"Love Drug" Found to Prevent Alcoholics From Relapsing

alcohol
umn.edu University of Minnesota

A spritz of the "love hormone" oxytocin up the nose may help alcoholics beat their drinking problem, according to a new study.

The study conducted at the University of North Carolina at Chapel Hill involved 11 alcohol-dependent participants. 

Researchers asked participants to take two daily doses of an oxytocin nasal spray or a placebo, during the first three days of a detox program. The researchers, led by Cort Pedersen, also gave participants lorazepam to relive withdrawal symptoms after they reached a certain level, New Scientist reported.

Researchers found that participants in the oxytocin group had fewer alcohol craving and milder withdrawal symptoms than participants in the placebo group.

Pedersen told the magazine that four of the volunteers in the oxytocin group didn't even need lorazepam. He said that while lorazepam reduced anxiety and seizures during alcohol withdrawal, it is highly addictive. Experts say that users can experience insomnia and cravings when they stop taking the drug.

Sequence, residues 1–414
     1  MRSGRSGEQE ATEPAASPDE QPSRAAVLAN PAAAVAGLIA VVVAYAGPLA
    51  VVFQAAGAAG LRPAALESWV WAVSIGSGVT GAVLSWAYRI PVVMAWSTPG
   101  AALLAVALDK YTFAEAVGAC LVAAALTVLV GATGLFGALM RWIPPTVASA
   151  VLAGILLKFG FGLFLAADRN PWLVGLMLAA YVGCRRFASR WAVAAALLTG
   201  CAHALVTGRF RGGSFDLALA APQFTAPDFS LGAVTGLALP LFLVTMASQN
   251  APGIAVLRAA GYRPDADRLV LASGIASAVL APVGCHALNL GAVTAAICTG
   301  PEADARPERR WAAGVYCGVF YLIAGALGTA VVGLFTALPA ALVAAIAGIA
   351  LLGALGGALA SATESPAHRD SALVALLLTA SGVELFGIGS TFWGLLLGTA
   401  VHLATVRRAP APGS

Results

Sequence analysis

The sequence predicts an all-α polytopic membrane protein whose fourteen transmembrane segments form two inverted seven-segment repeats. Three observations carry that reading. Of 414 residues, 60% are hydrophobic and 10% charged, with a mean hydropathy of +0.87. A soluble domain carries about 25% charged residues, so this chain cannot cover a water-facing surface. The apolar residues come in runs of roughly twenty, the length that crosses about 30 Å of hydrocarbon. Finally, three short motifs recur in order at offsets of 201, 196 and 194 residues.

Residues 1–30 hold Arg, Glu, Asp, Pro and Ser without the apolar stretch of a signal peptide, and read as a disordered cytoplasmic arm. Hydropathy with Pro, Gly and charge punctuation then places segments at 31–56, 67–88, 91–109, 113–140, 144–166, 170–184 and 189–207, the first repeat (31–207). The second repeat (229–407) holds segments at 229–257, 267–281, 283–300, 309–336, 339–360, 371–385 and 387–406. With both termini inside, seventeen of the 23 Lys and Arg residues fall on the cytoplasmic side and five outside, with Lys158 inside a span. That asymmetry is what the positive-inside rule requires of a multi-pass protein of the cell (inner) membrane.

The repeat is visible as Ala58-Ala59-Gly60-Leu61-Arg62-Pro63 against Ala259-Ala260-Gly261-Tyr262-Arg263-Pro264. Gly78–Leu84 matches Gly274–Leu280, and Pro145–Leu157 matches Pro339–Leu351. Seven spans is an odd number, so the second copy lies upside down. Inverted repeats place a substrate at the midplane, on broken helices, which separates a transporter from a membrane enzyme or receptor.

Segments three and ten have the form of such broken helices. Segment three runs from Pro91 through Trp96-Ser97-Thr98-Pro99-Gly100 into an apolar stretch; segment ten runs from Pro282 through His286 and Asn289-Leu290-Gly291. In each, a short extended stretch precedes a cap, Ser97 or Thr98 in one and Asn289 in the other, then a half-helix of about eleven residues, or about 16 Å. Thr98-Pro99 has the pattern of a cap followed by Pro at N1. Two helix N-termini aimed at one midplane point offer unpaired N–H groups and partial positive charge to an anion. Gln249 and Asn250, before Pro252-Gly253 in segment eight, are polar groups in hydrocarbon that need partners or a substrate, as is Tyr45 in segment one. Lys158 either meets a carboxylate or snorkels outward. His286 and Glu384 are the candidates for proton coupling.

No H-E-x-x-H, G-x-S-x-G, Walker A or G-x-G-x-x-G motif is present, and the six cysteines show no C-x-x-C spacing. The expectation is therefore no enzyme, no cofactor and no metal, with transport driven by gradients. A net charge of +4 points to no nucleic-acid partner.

Researchers are unsure about how the "love hormone" or "love drug" aids alcohol withdrawal. The hormone, known for its role in boosting social bonding, is naturally made in the hypothalamus region of the brain and is involved in sex, sexual attraction, trust and confidence.

Researchers hope that alcoholics who take the hormone will one day be less likely to experience the unpleasant symptoms that often lead to relapse.

The study was published in Alcoholism Clinical & Experimental Research.

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